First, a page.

With continuous progress in reform and opening up, China achieved the historic transformations from a highly centralized planned economy into a socialist market economy brimming with vitality, and from a country that was largely isolated into one that is open to the outside world across the board.

In an effort to accelerate socialist modernization, the Party led the people in promoting economic, political, cultural, and social development and made immense achievements.

The Party continued to take economic development as the central task, stood by the conviction that development is of paramount importance, and put forward the notion that science and technology constitute the primary productive force. It implemented major strategies such as invigorating China through science and education, pursuing sustainable development, and developing a quality workforce. It advanced large-scale development of the western region, revitalized old industrial bases in the northeast and other regions, promoted the rise of the central region, and supported the trailblazing development of the eastern region in an effort to promote the coordinated development of urban and rural areas and different regions. The Party promoted the reform and development of state-owned enterprises, encouraged and supported the development of the non-public sector, and accelerated the transformation of the economic growth model. It stepped up environmental protection and promoted sustained and rapid economic development. All of this enabled China’s composite national strength to increase by a large margin.

Upholding the unity between the Party’s leadership, the running of the country by the people, and law-based governance, the Party worked to develop socialist democracy and promote socialist political progress and advanced reform of the political system in a proactive and prudent manner. With a commitment to integrating the rule of law with the rule of virtue, a new Constitution of the People’s Republic of China was formulated, China built itself into a socialist country under the rule of law, and a socialist system of laws with Chinese characteristics took shape. The Party made earnest efforts to respect and protect human rights and consolidated and developed the broadest possible patriotic united front.

The Party stepped up education on ideals and convictions, advanced the development of the core socialist values, promoted cultural-ethical progress, and fostered an advanced socialist culture, thus pushing socialist culture to flourish.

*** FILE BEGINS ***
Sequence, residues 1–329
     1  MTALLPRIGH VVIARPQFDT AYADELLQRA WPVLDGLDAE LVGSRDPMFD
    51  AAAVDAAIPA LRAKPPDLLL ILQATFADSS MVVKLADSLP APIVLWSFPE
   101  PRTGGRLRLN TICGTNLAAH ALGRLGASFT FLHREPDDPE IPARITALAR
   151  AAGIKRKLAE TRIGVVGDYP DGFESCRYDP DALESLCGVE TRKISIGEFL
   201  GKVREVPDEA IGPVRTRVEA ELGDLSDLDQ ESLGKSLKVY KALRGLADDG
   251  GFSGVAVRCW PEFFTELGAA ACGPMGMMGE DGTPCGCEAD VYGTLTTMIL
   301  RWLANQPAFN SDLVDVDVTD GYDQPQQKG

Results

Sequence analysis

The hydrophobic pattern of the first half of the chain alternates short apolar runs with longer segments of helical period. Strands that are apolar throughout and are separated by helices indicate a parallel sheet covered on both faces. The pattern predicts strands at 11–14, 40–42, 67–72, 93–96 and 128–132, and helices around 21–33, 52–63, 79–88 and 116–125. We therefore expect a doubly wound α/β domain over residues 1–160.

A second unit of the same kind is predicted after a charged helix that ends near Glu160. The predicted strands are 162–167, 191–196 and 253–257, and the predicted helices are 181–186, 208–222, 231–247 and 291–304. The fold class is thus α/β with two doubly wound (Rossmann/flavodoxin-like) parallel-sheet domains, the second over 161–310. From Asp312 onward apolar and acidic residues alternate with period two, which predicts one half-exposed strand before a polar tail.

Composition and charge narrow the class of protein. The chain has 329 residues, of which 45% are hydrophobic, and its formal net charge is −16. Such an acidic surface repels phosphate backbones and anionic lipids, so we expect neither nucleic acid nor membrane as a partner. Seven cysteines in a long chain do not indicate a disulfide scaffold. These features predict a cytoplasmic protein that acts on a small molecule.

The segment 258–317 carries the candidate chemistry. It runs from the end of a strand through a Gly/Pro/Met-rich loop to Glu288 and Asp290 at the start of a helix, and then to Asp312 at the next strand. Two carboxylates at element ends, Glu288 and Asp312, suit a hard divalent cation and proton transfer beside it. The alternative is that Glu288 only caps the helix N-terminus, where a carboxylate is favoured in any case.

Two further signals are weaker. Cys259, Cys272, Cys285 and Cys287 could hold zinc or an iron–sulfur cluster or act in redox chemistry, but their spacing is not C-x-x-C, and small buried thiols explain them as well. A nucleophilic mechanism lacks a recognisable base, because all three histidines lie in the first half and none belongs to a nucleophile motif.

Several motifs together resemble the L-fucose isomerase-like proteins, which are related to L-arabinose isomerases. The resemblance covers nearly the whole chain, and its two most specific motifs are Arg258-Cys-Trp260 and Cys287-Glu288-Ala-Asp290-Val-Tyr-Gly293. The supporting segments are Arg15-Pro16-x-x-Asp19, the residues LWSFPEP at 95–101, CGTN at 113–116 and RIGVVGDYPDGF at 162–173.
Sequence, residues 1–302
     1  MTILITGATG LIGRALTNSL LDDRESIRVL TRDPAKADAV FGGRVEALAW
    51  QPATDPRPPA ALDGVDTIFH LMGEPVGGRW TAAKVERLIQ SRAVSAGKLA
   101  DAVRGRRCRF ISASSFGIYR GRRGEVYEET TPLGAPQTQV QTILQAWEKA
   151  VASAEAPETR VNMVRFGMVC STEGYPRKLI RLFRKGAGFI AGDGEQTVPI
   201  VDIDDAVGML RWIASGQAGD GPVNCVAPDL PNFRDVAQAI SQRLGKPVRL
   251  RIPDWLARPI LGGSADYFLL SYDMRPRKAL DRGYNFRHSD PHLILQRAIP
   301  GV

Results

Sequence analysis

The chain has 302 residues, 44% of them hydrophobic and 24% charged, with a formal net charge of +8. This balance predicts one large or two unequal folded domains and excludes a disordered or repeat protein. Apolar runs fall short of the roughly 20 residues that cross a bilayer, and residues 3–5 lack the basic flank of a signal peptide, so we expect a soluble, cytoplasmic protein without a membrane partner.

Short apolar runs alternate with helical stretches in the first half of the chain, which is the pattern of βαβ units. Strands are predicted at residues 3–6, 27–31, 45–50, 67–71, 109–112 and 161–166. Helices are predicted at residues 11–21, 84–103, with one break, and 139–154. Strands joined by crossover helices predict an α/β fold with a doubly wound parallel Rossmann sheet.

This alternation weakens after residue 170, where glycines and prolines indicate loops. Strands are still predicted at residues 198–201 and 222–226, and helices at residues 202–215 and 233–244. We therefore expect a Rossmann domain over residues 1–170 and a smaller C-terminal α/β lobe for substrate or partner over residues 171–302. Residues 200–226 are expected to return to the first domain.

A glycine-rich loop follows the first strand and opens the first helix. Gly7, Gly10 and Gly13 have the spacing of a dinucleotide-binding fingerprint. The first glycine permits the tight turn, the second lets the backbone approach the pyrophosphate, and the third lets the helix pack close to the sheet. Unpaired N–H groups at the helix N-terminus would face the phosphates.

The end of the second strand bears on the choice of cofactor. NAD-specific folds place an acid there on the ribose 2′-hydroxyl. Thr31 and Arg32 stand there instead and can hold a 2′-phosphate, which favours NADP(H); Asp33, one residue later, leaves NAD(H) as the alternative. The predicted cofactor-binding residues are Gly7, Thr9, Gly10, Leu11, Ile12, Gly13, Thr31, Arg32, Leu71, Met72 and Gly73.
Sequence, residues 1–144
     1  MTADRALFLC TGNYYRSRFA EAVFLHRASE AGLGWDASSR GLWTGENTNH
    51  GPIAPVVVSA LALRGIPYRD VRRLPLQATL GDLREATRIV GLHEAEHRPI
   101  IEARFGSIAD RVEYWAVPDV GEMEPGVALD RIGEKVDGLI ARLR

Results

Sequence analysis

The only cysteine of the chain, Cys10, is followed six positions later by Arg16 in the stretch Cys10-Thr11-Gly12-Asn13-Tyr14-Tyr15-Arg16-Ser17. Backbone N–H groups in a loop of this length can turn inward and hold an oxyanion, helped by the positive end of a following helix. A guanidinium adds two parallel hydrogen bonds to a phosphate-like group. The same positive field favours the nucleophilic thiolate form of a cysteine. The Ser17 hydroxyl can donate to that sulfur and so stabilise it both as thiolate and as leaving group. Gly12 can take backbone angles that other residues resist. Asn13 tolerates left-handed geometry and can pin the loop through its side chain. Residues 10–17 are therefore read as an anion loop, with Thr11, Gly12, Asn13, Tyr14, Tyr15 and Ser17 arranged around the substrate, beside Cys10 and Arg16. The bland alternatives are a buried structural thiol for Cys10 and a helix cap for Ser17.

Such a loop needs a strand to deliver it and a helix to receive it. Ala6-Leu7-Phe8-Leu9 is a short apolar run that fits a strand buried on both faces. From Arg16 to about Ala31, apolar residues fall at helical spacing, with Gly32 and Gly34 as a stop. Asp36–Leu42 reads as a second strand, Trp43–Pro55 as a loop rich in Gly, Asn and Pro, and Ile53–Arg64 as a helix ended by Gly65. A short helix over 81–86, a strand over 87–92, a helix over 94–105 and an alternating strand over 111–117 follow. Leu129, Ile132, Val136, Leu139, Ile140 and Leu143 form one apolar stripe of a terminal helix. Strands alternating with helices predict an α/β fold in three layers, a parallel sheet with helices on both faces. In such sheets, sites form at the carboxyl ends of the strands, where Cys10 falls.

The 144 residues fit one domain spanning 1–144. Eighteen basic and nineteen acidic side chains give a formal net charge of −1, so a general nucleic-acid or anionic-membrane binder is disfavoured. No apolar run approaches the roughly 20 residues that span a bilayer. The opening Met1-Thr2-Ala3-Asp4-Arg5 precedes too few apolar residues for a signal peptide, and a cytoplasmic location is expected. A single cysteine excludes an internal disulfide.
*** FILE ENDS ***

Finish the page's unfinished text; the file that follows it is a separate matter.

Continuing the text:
The Party accelerated social development with a focus on improving public wellbeing. It worked to improve people’s living standards and rescinded taxes on agriculture. It devoted constant effort to ensuring access to education, employment, medical services, elderly care, and housing and to promoting social harmony and stability.

The Party put forward the overall goal of building a strong, modern, and standardized revolutionary military, and it made winning local wars in the information age the focal point in preparation for military struggle. It advanced military transformation with Chinese characteristics by following an approach of having fewer but better troops.

Facing a rapidly changing international landscape, the Party upheld the Four Cardinal Principles, eliminated all kinds of interference, and calmly responded to a series of risks and trials related to China’s overall reform, development, and stability.

The late 1980s and early 1990s witnessed the demise of the Soviet Union and the drastic changes in Eastern European countries. In the late spring and early summer of 1989, a severe political disturbance took place in China as a result of the international and domestic climates at the time, and was egged on by hostile anti-communist and anti-socialist forces abroad. With the people’s backing, the Party and the government took a clear stand against the turmoil, defending China’s socialist state power and safeguarding the fundamental interests of the people.

The Party led the people in successfully responding to the Asian financial crisis, the global financial crisis, and other economic risks. We successfully held the 2008 Olympic and Paralympic Games in Beijing. We overcame natural disasters, such as severe flooding on the Yangtze, Nenjiang, and Songhua rivers, the devastating earthquake in Wenchuan, and the SARS epidemic. All these victories demonstrated the Party’s ability to withstand risks and cope with complicated situations.

Defining national reunification as a major historical task, the Party worked tirelessly to complete it. Comrade Deng Xiaoping introduced the creative and well-conceived concept of One Country, Two Systems, paving a new path for achieving reunification through peaceful means.

Through arduous work and struggle, the Chinese government successively resumed its exercise of sovereignty over Hong Kong and Macao, thus ending a century-long history of humiliation. Since Hong Kong and Macao’s return to the motherland, the central government acted in strict compliance with China’s Constitution and the basic laws of the special administrative regions and maintained lasting prosperity and stability in the two regions.